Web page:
any branch not named in such certificates ; no certificate shall be 
valid for a longer period than twelve months, and the county 
superintendent shall have power to annul certificates of such 
teachers as may prove in any respect unworthy." 

In order to carry out the constitutional requirements that 
all school funds should be divided pro rata among the children 
of school ages 104 it was required by act of the legislature that the 
assessors in the different counties, at the time of assessing state 
tax, triennially to make an accurate enumeration of all the 
j^ouths of their counties betwen the ages of five and twenty-one 
years, designating the numbers in each sub-district in the coun- 
ty. 105 The assessor was required to make out duplicate lists of 
the enumeration and deliver one of them to the county superin- 
tendent, and the other to the county treasurer. The assessor 
was also required to perform such other duties as the state super- 
intendent, or the board of education, should designate. 106 

,03 Art. V, Sec. 2006, Revised Code of 1871 
lw Supra., p. 41, Art. VIII. Sec. 10, Const, of 1868. 
1M Art. V, Sec. 2007, Revised Code of 1871. 
1M Ibid. 


The county superintendents were required to make annual 
reports to the state superintendent, which reports should em- 
brace such information as designated by the state superintend- 
ent. Annually also every county superintendent, under the law, 
was to forward to the auditor of public accounts, for educational 
purposes, an enumeration of the educable children of the 
county. 107 Moreover Section 2009 of Article V of the revised 
code specified that "the county superintendent of education, 
shall, as soon as practicable, prepare and forward a report to the 
board of education, giving a full description and condition of 
the school lands located in his county ; also, the amount and con- 
dition of all school funds, belonging to the county or district, of 
whatever kind or nature." The same restriction was placed 
upon the county superintendent as upon the state superintend- 
ent in regard to acting as agent for or receiving rewards for his 
influence in recommending or procuring the use of books, school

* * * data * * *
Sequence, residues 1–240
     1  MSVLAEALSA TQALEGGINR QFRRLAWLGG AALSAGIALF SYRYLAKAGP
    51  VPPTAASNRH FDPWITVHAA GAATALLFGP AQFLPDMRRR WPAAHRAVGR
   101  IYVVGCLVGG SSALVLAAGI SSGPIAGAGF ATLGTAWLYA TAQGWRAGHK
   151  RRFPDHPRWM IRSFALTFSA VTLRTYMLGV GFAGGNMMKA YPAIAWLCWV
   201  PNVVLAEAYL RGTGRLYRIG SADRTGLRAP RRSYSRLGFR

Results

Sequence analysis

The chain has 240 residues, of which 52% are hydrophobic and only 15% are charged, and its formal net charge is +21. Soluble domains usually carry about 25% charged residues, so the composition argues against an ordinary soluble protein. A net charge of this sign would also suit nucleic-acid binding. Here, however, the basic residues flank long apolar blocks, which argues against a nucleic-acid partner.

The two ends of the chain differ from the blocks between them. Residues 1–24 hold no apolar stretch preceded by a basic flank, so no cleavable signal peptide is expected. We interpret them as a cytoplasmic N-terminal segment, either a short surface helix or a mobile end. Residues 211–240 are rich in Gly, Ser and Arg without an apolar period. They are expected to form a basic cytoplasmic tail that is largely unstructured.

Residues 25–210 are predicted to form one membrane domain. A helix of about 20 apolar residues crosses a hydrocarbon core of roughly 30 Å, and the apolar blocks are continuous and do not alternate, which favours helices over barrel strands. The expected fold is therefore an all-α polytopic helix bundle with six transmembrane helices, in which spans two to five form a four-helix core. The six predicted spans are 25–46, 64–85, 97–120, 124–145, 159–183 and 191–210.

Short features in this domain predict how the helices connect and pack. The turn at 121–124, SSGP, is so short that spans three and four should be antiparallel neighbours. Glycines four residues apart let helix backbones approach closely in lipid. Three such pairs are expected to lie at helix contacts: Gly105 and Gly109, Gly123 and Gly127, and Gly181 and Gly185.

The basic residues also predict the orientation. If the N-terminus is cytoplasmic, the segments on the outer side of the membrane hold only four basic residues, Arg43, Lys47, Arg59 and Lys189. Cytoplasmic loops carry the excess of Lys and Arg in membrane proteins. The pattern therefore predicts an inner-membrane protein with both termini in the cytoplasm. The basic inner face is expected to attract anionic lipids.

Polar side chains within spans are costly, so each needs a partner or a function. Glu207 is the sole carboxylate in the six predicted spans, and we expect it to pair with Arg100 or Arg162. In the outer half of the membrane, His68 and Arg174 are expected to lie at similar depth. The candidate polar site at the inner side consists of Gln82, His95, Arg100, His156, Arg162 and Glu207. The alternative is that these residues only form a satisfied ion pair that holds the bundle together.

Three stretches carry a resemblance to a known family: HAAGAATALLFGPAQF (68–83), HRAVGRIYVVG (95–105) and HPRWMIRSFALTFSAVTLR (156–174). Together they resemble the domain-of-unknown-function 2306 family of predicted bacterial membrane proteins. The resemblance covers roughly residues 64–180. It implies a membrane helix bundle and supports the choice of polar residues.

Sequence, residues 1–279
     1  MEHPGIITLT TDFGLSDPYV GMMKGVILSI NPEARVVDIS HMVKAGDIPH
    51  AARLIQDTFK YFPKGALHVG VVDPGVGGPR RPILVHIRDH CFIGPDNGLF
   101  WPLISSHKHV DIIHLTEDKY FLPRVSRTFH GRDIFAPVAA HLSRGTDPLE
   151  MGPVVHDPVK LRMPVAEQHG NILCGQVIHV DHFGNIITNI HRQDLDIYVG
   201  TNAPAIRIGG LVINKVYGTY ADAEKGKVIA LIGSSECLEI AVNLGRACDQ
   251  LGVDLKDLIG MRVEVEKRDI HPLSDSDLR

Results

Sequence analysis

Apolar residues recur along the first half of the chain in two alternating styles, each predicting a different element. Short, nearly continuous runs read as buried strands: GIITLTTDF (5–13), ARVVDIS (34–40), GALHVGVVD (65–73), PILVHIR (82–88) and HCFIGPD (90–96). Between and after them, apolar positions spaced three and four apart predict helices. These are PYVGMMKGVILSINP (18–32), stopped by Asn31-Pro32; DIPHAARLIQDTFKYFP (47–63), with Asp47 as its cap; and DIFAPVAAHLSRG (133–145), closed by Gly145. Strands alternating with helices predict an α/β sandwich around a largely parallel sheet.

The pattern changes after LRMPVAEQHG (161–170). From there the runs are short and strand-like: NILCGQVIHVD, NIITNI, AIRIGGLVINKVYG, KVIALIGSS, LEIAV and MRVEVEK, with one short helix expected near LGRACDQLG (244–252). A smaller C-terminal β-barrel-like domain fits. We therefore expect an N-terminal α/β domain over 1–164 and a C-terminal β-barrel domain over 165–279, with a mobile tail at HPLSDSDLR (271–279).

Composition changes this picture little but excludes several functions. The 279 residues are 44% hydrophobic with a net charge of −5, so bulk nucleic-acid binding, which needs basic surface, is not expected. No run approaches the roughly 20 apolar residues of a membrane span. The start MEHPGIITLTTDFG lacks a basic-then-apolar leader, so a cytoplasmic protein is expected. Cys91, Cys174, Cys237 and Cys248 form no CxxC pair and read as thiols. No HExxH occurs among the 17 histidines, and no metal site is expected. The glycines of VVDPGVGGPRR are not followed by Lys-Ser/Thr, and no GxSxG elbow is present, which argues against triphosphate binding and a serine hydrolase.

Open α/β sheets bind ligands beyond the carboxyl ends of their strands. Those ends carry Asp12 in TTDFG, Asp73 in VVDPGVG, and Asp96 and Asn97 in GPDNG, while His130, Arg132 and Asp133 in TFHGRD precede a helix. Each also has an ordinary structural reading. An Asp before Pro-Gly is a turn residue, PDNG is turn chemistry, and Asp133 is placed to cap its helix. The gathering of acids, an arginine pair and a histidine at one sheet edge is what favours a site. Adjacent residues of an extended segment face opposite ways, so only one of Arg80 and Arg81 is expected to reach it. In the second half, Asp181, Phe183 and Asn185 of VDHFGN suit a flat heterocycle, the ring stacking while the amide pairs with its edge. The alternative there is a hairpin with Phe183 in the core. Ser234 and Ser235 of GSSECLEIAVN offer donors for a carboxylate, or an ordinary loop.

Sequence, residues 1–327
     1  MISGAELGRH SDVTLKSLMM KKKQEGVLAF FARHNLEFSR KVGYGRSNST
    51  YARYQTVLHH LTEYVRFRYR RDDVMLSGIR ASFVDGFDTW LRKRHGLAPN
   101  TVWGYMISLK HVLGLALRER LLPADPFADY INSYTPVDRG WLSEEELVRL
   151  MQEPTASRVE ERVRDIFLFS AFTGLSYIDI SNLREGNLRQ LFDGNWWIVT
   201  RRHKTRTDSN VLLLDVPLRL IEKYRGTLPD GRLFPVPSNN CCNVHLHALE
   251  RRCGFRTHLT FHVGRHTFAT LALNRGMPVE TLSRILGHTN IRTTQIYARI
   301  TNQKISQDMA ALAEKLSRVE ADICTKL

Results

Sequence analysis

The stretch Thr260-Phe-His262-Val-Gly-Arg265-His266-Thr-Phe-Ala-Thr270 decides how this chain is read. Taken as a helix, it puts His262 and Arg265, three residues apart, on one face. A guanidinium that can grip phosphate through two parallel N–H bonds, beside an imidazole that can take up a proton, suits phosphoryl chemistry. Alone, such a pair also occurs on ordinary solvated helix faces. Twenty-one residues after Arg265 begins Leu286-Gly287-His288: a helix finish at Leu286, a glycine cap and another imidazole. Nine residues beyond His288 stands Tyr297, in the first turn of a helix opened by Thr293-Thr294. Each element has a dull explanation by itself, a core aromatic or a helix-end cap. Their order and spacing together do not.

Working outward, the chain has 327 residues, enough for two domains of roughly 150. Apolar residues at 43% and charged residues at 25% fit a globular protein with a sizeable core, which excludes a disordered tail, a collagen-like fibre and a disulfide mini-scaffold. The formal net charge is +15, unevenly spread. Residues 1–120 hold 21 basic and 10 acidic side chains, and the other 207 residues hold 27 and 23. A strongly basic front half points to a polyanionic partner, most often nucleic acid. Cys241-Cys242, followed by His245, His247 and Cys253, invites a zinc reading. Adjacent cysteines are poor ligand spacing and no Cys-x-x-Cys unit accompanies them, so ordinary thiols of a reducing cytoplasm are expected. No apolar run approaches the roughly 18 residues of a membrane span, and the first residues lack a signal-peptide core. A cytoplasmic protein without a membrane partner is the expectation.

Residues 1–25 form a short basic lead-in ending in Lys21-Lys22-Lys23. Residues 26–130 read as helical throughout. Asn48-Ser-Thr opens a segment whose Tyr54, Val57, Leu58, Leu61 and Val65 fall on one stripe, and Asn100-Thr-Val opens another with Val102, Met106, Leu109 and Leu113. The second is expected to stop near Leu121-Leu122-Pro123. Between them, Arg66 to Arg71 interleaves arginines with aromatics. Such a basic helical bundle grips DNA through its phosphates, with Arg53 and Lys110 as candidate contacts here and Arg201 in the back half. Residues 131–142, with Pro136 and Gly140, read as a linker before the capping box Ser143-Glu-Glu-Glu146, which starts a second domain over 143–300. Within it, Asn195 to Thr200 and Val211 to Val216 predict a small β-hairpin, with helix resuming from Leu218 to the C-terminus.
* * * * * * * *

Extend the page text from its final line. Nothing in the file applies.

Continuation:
apparatus, .or other school equipment. 108 

In the administration of affairs of the school districts the 
boards of school directors played an) important part. In pro- 
viding for these boards the legislature did not act upon any spe- 
cifiic constitutional requirement; any one of many other plans 
for a directing agency for the several districts might have been . 
adopted. Under the statute as adopted a board of school direc- 
tors consisting of six persons, appointed by the board of county 
supervisors, or the city council of any incorporated city of more 
than three thousand inhabitants, was to be provided in each of 
the school districts. The directors were to serve three years, 
two going out of office each year. They were to be appointed, as 
far as practicable, from the supervisors' districts of the county, 
and the wards of the city. 109 The county superintendent of 
education was designated as president of the board or boards. 
He voted only in case of a tie. The clerk' of the circuit court was 
made the secretary of the city board. 110 The board of school 
directo rs was constituted a body corporate and politic in law 

m Art V, Sec. 2008, Revised Code of 1871. 
""Art. V, Sec. 2010, Revised Code of 1871. 
"•Revised Code of 1871, Ch. 39, Art VI, Sec. 2011. 
"•Ibid., Sec. 2012. 


with power to sue and be sued, and perform all other corporate 
acts necessary in law. 111 

The administrative powers and duties of the boards of 
school directors were as follows : 112 

First — To make such needful rules, by-laws and regulations, 
as they deemed necessary to aid in performing the duties of 
their offices, as well as to carry out the requirements of the law, 
"not inconsistent with the constitution of the United States, or